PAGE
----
Sunday, October 29, 2023

Ripley, The Emperor's New Clothes, and the Power of PTSD: What Have I Learned?


(*Editing in progress) 

You may have noticed that I have deleted my last few posts.  That's because I seem to have a knack for innocently walking into situations and witnessing something I shouldn't have, then stupidly asking too many questions out of self-doubt -  and at that point, I may be trouble lol.

I'm not sure how or why I've witnessed so many crazy-unbelievable situations, accidentally stumbling across stuff at the wrong time, but I have - and I certainly didn't seek them out. 

But I do understand why people might not believe it, perhaps because of the sheer number of these events, it must look like to some that I crave drama or something lol. And I even gaslight myself, most days, plagued with self-doubt.

Then again, as it turns out, I was later proven right, over time, in several of these toxic situations that I just walked away from, letting karma do its thing (mentioned below).

Mark says that it's partially because I'm too open and I give people too many chances, too much benefit of the doubt for too long, instead of trusting my own instincts - and that I've been conditioned by my family to gaslight myself and ignore red flags.

Hmm, well, although that may be part of it, I would say that the biggest reason  I've come across so many situations isn't because I love drama or am some kinda genius or am "too nice for too long"   - I think it has to do with the hypervigilance symptom of my diagnosis of PTSD, making me notice odd things in my environment that other people don't notice. 

Hypervigilance can be both a blessing and a curse; it can keep you safer than other people, but it can alienate you from other people and from going out and having fun, cause you to rarely sleep, and generally drive you slowly insane, if you let it lol.

Because people with diagnosed PTSD have hypervigilance for life; heightened instincts and awareness of surroundings, as well as your central-nervous-system alarm bells go off easily - and sometimes falsely.

We of the PTSD become more observant of our surroundings and we can't shut it off, because we needed it to survive; additionally, our brains created new neural pathways as a result, despite the fact that usually, this alarm system isn't necessary in everyday life.

As a result, we don't discount red flags that other people overlook;, we investigate them, so we can be sure it's safe enough to turn the alarm system off!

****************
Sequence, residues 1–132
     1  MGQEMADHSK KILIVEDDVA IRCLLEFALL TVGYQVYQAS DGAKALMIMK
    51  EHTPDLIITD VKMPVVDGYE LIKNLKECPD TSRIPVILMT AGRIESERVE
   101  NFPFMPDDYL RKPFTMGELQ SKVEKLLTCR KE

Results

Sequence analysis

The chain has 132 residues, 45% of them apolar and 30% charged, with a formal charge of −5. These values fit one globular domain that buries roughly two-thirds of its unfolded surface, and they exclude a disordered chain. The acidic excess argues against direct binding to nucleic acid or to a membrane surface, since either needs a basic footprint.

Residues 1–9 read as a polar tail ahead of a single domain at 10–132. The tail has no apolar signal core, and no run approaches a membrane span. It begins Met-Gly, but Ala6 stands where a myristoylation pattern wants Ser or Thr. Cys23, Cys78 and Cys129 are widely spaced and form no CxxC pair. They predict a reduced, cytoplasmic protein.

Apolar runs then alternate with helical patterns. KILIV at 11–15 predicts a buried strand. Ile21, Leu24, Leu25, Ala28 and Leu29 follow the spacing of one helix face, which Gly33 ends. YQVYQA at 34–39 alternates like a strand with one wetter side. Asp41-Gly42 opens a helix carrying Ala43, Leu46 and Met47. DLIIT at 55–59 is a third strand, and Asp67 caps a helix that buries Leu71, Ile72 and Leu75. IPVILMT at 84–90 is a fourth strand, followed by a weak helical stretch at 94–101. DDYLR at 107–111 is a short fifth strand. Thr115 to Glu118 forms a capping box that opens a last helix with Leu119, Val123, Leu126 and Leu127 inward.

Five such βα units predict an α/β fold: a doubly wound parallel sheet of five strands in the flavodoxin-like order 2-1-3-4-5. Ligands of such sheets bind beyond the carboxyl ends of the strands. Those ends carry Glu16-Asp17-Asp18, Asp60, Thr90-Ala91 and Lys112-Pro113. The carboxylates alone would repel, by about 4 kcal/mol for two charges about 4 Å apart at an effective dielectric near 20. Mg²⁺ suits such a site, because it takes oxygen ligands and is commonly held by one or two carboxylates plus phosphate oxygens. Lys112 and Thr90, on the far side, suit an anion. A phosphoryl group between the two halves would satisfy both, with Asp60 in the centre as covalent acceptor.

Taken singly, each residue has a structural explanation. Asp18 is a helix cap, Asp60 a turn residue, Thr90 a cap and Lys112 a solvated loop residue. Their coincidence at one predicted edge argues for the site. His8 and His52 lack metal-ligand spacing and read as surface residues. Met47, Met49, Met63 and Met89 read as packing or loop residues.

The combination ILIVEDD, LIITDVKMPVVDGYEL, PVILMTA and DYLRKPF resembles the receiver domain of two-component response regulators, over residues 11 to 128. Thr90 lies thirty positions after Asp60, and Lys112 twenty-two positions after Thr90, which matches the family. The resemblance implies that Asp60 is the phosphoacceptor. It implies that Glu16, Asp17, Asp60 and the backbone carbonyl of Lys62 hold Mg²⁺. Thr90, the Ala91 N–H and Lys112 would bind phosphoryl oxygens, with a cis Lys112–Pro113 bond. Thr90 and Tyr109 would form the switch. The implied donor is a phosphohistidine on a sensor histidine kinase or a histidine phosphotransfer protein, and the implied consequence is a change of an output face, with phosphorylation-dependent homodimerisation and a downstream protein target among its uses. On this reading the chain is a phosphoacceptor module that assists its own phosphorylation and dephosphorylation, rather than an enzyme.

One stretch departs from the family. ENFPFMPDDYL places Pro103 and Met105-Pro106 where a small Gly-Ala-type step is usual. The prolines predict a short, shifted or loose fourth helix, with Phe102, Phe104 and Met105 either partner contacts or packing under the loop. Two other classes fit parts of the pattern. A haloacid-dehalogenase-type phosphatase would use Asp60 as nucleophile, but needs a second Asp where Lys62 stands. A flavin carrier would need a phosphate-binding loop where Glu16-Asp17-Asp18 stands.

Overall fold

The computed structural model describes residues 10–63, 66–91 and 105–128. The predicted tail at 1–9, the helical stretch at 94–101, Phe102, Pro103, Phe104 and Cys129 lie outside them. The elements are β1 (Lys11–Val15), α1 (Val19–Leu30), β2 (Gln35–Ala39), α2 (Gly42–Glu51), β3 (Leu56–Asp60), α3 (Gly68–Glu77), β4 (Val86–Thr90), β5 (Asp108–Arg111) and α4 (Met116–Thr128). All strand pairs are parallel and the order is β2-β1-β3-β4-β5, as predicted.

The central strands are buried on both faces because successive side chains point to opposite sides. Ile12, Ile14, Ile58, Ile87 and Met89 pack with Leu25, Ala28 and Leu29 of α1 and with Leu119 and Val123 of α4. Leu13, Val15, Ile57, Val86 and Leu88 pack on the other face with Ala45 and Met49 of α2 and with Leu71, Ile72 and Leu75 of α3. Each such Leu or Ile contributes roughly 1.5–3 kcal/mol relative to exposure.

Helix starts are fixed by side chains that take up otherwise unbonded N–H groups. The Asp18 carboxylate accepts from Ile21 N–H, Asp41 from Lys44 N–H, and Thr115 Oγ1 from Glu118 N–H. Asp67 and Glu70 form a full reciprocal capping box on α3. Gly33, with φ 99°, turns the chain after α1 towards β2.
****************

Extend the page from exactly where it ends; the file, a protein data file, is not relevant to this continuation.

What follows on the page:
(*I'm speaking of people with PTSD alone, now, and its associated anxiety and depression - not people with dual diagnoses like bipolar disorder, schizophrenia, OCD, or personality disorders, etc.)

In other words, whereas people without PTSD might witness something odd and just go "Hmm, that's super odd. Oh well" and walk away, people with PTSD will instead go "Okay, my instincts are screaming at me and my central nervous system alarm system is going off.  Let me check it out to see if this is an actual threat or false alarm, so I can shut it off." 

MOST of the time, I can turn the alarm off later after ruling out the threat as false alarm, or at least I assess the threat level as not being serious - but I do need to check it out, first, so that I can safely turn it off without residual questions. 

But as examples of those crazy situations that I stumbled upon that happened to be true?

For starters, here are the best examples of situations that I stumbled into and was gaslighted about, that were later found to be true (which I provide more detail on below):

A shoplifting former coworker - - a former sexually-harassing boss -  - an internet stalker of someone else on the internet, who then targeted me when I stumbled onto them - - what my dad was actually doing for a living versus what he said - -  that something deeper was going on with my mother's mental health than PTSD alone.

I hoped they were one-offs or that I WAS crazy and paranoid and making them up, and even believed the gaslighting that I was crazy, for a while, or "triggering" from past experience. 

It sure would've made my life a lot easier if I was that crazy -  I could've just taken antipsychotics and/or mood stabilizers and it would've all gone away lol.

But in fact, my knack for accidentally stumbling across crazy situations, and getting myself in trouble for asking too many questions, so that I can turn my PTSD alarm system off, is one of the reasons Mark calls me Ripley, as in from "Aliens" lol

Although he agrees that my being conditioned to not trust my instincts/gaslight myself is partially to blame, he also sees some similarities to what happened to Ripley in Aliens.